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The world’s biggest coal producer makes a fortune from China’s antiquated railroads—but not for long

China’s transportation infrastructure could use an update.
By Lily Kuo
Published Last updated This article is more than 2 years old.

Transportation bottlenecks have been very good for China Shenhua Energy, the world’s largest coal producer. The state-run giant profits from the fact that coal costs an average of about $11 more per ton on the coast where it’s burned, than in the interior, where it’s excavated, according to Sanford Bernstein analyst Michael Parker.

But now China is aggressively building out high speed and standard rail, which will lessen the freight hold-ups that drive up the cost of the coal, potentially spelling big trouble for Shenhua. “I think it will be terrible. If you look at the business, a significant part of its profit comes from buying [coal] for cheap on the interior and selling it on the coast,” Parker told Quartz. “They make money exploiting that arbitrage.” Shenhua was not immediately available for comment.

The opportunity exists because of what Parker describes as “railway frictions,” including transport gaps that require coal to be transported on the back of trucks instead of rail, and corrupt local officials who require bribes. Those costs don’t bother Shenhua because it operates its own rail line—the only coal producer in China that does—but it still sells its coal at inflated prices on the coast. Parker estimates that the Hong Kong-listed company makes over 20% of its profits–or roughly 9 billion yuan ($1.46 billion), based on last year’s net profits—from the arbitrage.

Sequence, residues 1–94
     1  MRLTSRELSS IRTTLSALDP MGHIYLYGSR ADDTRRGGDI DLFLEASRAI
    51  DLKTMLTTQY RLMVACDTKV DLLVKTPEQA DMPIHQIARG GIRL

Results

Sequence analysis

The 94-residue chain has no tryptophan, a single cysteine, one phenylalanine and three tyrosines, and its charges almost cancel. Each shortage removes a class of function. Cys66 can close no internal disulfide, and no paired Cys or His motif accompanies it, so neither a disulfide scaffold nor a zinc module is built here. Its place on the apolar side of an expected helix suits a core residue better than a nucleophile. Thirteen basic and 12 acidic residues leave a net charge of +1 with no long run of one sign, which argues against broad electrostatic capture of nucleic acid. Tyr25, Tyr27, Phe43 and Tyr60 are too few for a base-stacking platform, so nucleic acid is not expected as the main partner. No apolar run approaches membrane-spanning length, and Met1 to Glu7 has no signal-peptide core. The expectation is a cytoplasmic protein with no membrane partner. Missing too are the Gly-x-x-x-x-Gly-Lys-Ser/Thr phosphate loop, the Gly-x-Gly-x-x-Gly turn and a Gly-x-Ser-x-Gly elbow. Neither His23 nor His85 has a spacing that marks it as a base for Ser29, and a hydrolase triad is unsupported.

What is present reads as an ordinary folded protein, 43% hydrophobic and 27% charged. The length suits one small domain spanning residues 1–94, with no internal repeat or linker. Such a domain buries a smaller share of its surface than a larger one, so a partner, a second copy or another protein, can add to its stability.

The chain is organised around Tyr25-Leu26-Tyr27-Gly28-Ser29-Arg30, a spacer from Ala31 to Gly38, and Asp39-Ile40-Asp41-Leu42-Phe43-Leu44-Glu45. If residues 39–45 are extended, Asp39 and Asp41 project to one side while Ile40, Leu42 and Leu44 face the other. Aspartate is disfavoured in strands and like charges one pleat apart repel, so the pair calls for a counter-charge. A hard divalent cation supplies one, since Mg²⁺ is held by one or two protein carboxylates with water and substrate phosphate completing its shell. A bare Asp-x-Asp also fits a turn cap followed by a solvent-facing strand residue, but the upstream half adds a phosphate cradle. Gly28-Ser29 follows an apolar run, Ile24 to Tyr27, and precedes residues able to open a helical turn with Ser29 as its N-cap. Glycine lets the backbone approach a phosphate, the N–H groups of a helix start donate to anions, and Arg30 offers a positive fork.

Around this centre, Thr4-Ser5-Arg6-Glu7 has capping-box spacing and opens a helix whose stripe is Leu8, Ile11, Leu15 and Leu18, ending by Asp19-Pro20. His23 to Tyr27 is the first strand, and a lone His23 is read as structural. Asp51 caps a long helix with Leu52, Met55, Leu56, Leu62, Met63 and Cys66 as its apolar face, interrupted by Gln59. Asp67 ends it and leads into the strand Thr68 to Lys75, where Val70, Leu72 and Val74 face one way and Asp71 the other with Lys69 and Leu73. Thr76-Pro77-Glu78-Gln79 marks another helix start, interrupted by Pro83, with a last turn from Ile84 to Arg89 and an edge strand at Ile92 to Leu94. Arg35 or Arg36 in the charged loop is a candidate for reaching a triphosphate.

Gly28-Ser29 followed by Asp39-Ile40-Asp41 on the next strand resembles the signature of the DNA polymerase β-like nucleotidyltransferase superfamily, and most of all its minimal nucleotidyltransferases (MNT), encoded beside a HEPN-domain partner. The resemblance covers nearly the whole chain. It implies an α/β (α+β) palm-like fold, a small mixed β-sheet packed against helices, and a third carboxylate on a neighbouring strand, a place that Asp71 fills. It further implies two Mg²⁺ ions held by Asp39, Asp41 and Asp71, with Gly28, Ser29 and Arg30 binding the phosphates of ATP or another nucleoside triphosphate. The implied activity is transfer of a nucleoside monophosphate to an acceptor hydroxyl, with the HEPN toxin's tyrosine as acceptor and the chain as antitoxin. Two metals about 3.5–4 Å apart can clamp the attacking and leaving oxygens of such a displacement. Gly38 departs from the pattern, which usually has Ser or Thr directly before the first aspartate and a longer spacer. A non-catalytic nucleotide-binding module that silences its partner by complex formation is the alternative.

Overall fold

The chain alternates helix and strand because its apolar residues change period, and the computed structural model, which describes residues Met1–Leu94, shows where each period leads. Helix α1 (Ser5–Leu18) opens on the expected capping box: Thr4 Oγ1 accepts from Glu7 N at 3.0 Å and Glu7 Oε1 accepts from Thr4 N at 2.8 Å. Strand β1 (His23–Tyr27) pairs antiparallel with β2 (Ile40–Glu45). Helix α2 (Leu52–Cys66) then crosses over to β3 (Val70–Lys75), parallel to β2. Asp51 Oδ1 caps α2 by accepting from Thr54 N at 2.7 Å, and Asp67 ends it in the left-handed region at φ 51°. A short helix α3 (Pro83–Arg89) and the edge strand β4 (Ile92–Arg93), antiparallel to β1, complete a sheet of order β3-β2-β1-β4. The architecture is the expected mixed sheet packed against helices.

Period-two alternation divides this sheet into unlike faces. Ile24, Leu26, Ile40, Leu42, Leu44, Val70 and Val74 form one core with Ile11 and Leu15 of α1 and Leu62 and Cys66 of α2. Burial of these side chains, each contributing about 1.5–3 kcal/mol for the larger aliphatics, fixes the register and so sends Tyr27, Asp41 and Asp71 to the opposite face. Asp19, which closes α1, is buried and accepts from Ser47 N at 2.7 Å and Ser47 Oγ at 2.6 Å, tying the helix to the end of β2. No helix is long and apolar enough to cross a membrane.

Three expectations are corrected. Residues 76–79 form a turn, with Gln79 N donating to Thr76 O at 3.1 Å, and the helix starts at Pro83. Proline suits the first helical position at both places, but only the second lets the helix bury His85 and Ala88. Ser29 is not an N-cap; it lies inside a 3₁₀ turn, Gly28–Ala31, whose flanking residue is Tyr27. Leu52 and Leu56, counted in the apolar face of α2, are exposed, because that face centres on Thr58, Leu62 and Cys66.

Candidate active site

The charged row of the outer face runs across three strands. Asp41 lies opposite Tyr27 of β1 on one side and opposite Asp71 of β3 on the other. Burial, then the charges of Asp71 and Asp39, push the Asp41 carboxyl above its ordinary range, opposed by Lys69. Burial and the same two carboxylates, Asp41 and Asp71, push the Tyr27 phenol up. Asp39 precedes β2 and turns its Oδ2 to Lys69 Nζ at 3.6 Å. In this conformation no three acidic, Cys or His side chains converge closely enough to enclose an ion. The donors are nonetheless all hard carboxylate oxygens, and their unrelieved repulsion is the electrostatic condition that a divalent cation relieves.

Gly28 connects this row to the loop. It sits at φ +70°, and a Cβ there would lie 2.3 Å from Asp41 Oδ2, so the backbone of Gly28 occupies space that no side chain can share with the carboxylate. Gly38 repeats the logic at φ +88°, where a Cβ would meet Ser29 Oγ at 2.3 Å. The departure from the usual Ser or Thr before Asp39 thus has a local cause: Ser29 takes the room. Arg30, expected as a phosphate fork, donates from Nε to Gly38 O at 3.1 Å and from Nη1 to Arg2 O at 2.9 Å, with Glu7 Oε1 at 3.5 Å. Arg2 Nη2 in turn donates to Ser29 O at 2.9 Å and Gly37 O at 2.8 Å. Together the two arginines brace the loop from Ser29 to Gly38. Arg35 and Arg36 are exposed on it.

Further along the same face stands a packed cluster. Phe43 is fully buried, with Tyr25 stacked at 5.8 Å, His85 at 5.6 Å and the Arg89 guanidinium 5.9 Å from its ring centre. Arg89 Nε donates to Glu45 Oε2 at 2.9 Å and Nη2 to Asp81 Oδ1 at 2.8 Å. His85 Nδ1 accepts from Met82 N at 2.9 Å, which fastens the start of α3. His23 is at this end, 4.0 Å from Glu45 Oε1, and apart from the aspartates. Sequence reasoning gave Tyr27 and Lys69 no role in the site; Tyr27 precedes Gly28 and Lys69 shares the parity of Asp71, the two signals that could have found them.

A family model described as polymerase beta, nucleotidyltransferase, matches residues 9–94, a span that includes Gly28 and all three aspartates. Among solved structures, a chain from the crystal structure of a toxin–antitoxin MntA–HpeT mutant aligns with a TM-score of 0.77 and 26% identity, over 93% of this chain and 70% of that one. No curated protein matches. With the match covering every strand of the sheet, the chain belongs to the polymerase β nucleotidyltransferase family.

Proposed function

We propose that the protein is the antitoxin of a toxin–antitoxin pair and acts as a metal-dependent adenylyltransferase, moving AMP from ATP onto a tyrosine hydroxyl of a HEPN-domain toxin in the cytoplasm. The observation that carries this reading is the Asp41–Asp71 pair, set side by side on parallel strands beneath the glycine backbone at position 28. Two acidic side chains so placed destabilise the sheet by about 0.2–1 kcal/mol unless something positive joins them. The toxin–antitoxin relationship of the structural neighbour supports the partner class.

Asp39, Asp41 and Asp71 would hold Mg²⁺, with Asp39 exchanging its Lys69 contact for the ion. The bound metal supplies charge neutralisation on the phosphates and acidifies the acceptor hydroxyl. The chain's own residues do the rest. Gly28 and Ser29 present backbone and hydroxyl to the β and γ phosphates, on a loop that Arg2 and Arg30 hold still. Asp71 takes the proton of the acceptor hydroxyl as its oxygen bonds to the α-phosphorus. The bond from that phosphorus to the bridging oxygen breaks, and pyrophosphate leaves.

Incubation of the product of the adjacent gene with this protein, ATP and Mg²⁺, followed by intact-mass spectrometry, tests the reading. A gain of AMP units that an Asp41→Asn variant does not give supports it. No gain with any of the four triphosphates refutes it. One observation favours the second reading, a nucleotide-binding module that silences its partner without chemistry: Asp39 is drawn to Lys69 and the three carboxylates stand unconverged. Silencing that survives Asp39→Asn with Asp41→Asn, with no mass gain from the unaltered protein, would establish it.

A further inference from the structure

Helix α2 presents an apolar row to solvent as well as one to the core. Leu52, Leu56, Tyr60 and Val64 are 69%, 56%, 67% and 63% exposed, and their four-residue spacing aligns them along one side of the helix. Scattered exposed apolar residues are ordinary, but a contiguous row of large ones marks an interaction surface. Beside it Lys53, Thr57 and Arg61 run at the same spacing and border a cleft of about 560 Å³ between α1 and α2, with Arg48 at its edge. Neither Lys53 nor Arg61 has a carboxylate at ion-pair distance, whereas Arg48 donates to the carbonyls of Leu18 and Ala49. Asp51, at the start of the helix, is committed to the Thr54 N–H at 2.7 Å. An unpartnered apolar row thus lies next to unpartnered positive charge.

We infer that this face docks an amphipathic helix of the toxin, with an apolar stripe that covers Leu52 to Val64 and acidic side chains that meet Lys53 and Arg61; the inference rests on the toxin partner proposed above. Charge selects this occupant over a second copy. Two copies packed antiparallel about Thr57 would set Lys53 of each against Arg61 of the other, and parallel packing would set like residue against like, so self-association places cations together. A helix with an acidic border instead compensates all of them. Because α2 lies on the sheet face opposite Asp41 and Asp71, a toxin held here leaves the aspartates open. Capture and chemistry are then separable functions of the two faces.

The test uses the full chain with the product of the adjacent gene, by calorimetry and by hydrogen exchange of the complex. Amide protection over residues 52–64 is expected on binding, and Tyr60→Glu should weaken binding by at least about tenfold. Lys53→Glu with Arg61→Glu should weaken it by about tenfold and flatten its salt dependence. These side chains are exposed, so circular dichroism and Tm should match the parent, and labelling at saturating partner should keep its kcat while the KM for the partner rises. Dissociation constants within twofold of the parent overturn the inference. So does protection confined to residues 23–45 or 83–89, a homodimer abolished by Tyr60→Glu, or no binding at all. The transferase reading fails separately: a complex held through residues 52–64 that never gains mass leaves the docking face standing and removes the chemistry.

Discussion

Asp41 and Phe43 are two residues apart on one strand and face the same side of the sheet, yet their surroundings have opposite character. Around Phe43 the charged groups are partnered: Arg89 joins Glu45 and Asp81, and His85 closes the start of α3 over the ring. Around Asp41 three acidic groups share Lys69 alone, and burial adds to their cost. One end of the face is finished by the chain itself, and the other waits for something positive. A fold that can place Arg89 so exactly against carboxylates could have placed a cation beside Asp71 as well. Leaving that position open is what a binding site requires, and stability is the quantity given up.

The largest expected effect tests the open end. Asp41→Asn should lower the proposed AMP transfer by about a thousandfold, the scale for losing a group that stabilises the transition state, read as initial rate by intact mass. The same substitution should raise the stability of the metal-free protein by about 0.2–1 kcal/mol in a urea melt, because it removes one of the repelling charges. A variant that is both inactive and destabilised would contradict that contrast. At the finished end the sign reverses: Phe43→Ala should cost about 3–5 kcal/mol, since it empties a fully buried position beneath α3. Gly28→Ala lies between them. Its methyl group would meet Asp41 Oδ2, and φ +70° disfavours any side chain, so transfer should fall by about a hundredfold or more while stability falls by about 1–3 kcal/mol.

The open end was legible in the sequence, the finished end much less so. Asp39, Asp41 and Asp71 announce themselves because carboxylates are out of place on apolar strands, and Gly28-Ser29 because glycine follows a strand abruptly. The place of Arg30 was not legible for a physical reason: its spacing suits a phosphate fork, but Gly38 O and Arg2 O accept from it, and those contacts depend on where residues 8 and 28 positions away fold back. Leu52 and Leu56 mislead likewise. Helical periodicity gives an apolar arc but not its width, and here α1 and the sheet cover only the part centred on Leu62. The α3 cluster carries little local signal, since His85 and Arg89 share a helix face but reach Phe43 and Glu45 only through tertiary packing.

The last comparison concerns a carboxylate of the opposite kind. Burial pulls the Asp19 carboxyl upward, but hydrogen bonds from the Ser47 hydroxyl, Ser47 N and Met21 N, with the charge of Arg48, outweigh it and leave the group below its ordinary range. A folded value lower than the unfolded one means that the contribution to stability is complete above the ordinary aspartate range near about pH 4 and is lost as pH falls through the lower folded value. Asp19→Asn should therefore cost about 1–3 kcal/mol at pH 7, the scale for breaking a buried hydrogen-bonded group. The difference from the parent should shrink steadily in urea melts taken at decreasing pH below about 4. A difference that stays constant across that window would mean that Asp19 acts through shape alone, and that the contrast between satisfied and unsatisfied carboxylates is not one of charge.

China’s aggressive expansion of its rail infrastructure should change that. High speed rail is moving passenger trains off of standard rail lines and making way for an expansion of rail for transporting coal. Within the next two years, new added rail lines will help carry an additional 842 million tons (764 million tonnes), or about 39% more than current capacity, according to Parker.

Bernstein Research
New rail lines between China’s coal producing interior to its main coal ports in the northeast will add coal capacity over the course of 2014 and 2015.

Shenhua, which has already seen its profits fall 9% last year, is taking some measures to counteract falling coal prices, which are also the result of the country’s focus on natural gas and renewable energy (paywall), in addition to improved infrastructure. The company is expanding from its existing base of revenues from power plants and ports, as well as railway lines. Last year, it bought a Chinese chemical processing firm and announced the beginning of a joint venture to explore shale gas in the US.

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